Reproducibility, ML Pipelines and CI/CD in Computer Vision Projects


In the last few years, training a well-performing Computer Vision (CV) model in Jupyter Notebooks became fairly straightforward if you use pretrained Deep Learning models and high-level libraries that abstract away much of the complexity (fastai, keras, pytorch-lightning are just a few examples).

The hard part is still incorporating this model into an application that runs in a production environment bringing value to the customers and our business.

A typical ML project lifecycle goes through 3 phases:

• Active exploration or proof-of-concept phase. Here we try many different approaches to data preprocessing, model architectures and hyper-parameter tuning with the goal to finally settle on the most promising combination
• Application development phase. Here we build all the “plumbing” around the model, that is: getting input data, massaging it into the right format, passing it to the model and, finally, serving the model’s output. The goal here is to end up with a version of an end-to-end application that is robust and well-performing enough to be considered for deployment to the production environment.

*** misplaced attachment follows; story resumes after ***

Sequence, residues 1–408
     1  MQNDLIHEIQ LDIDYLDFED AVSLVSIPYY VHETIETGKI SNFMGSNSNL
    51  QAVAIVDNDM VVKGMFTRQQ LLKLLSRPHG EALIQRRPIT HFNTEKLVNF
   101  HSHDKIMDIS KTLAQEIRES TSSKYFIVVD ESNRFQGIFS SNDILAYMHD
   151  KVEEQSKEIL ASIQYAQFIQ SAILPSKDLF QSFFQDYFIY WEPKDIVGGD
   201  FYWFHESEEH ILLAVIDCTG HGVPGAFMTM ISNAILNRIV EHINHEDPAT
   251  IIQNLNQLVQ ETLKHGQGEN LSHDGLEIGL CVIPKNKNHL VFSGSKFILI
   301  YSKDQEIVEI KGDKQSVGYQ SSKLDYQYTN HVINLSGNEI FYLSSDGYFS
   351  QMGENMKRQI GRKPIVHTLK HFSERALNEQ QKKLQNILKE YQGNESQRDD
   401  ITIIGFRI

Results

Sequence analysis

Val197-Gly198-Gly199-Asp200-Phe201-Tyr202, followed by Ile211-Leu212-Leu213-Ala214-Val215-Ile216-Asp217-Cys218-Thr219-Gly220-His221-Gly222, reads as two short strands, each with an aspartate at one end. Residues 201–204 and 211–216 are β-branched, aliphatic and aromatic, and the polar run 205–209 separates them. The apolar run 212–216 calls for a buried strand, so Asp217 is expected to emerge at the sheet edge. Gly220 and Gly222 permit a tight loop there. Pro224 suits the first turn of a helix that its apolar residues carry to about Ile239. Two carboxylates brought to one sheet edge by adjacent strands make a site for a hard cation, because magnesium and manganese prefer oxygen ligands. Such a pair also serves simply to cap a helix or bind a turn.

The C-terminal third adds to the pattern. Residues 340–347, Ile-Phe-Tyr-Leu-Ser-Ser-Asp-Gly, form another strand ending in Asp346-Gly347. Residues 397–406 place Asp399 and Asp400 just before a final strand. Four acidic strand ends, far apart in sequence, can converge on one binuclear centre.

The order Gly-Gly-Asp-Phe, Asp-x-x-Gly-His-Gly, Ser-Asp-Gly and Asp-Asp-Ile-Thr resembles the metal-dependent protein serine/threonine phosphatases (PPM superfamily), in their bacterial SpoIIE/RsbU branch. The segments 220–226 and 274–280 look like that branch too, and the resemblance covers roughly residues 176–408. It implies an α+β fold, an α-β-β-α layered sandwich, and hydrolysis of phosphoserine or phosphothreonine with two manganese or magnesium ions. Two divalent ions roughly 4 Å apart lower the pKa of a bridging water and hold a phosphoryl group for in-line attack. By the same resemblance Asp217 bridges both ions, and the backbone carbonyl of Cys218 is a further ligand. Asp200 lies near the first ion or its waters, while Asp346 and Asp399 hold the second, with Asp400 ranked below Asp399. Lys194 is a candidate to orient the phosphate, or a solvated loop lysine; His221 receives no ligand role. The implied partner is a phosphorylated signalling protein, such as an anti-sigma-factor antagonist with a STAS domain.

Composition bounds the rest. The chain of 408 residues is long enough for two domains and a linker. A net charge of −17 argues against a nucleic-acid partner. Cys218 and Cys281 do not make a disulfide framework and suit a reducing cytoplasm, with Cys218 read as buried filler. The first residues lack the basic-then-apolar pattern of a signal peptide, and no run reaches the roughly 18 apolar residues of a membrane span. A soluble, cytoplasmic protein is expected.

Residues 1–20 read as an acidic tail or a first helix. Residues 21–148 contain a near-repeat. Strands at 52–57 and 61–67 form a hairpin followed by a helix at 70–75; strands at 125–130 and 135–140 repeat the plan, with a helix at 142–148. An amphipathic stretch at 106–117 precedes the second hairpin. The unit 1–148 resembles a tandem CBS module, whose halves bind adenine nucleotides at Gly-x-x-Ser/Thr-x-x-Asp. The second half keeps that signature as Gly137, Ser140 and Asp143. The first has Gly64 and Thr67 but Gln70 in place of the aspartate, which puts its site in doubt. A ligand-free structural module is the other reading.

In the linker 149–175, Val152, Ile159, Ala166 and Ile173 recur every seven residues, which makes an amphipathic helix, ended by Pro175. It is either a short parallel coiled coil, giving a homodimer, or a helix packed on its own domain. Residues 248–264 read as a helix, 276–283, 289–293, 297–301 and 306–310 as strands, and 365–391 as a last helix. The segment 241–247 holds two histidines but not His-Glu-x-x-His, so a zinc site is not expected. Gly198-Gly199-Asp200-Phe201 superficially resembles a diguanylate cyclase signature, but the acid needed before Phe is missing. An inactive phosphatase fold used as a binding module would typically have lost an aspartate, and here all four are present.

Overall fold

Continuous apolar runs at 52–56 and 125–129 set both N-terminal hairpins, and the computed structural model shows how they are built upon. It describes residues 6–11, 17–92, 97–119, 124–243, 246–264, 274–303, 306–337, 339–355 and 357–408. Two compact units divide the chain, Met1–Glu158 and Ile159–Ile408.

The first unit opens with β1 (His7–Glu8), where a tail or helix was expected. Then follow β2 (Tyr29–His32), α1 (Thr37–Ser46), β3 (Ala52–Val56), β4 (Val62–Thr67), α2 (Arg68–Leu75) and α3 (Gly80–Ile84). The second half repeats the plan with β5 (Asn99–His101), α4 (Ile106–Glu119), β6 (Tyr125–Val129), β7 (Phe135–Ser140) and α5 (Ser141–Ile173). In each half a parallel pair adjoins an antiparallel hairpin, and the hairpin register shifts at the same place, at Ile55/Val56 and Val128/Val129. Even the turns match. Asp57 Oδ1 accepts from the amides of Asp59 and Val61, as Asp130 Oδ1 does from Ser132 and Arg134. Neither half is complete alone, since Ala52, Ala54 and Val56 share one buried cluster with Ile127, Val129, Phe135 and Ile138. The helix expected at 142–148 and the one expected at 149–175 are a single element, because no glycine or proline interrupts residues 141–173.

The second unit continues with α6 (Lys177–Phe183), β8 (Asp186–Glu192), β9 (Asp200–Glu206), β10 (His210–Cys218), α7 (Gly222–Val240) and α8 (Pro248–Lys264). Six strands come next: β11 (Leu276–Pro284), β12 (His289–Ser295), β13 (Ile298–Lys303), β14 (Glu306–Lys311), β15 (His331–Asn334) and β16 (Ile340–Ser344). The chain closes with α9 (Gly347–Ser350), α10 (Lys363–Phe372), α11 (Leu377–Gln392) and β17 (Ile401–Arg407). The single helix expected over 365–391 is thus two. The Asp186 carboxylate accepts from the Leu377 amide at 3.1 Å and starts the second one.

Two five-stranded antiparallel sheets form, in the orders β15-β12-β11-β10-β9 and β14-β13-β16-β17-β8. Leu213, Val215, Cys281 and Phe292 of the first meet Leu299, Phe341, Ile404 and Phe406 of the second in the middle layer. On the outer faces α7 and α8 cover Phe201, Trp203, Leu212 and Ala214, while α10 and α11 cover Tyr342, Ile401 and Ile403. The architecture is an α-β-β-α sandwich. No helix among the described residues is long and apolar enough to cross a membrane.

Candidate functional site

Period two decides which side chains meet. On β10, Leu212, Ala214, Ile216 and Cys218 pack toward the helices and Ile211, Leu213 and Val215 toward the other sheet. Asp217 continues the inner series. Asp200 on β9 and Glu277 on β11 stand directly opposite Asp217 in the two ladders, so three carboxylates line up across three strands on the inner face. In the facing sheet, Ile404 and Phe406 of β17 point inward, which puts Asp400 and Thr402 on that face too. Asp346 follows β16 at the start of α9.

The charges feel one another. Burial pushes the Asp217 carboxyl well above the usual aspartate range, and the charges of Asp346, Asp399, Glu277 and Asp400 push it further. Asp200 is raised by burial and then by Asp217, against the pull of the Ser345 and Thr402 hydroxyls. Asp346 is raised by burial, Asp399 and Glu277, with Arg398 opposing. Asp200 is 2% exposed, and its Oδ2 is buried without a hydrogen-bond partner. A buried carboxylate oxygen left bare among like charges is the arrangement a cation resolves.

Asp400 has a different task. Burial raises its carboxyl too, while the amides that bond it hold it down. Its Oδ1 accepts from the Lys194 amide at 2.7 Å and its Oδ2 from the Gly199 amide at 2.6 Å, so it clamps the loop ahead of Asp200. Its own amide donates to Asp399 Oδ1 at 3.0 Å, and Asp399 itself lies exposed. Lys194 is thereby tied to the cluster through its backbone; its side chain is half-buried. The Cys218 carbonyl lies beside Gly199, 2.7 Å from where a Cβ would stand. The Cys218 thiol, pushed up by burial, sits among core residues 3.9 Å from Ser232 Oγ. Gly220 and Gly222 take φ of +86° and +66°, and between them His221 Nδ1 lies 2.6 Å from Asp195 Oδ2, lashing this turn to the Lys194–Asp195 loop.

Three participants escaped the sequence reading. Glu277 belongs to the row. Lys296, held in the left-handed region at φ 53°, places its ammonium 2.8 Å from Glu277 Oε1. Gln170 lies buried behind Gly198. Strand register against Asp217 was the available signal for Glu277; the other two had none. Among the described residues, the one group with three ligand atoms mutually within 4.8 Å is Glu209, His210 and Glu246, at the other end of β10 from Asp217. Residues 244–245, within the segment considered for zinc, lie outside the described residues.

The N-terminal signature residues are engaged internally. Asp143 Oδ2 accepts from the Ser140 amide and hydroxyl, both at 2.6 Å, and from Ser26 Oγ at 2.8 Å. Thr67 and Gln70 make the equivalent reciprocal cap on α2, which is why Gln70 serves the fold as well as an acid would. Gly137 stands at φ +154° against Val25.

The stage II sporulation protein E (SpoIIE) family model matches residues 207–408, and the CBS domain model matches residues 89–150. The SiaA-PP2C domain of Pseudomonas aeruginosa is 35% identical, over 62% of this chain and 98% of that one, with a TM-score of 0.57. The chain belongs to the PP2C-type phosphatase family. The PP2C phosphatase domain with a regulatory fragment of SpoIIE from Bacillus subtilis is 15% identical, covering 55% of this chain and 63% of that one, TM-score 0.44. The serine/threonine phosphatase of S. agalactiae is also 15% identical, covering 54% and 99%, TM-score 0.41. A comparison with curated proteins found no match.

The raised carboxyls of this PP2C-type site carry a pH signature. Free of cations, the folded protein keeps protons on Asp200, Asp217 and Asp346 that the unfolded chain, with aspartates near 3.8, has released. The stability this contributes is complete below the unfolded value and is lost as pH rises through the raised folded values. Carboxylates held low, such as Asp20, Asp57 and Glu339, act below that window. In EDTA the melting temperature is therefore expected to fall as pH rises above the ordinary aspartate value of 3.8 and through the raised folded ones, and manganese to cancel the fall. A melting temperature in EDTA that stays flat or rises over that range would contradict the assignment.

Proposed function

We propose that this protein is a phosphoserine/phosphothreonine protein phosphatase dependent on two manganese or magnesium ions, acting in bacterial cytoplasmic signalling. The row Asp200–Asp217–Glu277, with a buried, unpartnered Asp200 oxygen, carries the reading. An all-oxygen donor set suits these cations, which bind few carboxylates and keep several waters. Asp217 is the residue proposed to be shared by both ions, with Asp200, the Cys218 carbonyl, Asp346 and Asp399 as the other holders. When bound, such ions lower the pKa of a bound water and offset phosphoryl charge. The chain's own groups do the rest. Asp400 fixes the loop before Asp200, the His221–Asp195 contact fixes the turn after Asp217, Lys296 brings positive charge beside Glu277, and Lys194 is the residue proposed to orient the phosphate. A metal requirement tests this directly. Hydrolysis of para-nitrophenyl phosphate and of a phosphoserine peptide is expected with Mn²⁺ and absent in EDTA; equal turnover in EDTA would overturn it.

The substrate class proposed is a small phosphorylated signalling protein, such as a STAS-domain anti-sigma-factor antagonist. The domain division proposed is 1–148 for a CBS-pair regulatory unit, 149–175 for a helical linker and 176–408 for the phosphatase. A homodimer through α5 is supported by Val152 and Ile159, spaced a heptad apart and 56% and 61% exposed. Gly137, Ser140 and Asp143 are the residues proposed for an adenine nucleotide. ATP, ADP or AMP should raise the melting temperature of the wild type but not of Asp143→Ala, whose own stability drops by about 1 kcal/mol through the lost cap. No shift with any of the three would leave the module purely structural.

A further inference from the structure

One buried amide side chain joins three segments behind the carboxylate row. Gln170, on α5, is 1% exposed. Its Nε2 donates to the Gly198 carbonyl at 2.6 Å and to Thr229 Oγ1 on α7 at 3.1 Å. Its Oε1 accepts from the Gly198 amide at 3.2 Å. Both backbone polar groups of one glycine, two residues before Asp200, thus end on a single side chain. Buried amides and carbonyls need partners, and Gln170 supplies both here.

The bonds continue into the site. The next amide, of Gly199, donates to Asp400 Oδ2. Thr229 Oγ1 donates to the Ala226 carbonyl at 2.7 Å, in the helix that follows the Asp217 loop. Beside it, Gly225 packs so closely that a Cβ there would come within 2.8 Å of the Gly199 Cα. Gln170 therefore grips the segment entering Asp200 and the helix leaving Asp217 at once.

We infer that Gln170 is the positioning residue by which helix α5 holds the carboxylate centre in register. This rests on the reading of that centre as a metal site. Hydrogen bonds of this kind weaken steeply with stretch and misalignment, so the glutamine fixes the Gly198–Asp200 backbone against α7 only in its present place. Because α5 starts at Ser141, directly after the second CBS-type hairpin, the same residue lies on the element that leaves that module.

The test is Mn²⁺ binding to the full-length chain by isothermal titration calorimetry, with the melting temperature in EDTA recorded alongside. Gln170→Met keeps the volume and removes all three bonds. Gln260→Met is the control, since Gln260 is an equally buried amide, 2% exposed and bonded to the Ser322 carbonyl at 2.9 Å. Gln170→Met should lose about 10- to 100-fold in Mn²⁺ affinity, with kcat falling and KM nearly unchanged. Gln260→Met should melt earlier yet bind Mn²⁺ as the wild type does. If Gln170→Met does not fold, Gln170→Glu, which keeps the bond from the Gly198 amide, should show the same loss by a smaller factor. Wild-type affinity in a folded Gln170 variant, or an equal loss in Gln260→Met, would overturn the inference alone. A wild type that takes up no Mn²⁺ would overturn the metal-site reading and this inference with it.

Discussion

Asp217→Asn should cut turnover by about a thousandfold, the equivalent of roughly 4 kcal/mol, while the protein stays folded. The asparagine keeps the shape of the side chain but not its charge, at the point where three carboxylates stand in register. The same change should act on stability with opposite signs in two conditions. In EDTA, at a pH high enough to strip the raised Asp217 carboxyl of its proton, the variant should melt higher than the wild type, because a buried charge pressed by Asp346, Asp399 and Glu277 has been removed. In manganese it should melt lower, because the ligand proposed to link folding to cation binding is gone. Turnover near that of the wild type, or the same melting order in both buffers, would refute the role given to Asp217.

• Production deployment phase. Here we promote a well-tested version of the application from the development environment to the production environment.

In this talk, I’ll describe an approach that streamlines all three phases. As our demo project, I’ve selected a very common deployment pattern in CV projects: a CV model wrapped in a web API service. Automatic defect detection is an example problem I am addressing with this pattern.

I assume the target audience of this talk to be technical folks (e.g. Software Engineers, ML Engineers, Data Scientists) who are familiar with the general Machine Learning concepts, Python programming, CI/CD processes and Cloud infrastructure.


Most of Alex work experience involved solving data-science problems in various domains: physics, aerospace, telemetry/log analytics, image and video processing.
In the last couple of years, he became increasingly interested in the engineering side of ML projects: processes and tools needed to go from an idea to a production solution.
Currently, he works as a Solutions Engineer at, helping clients extract the most value from tools.

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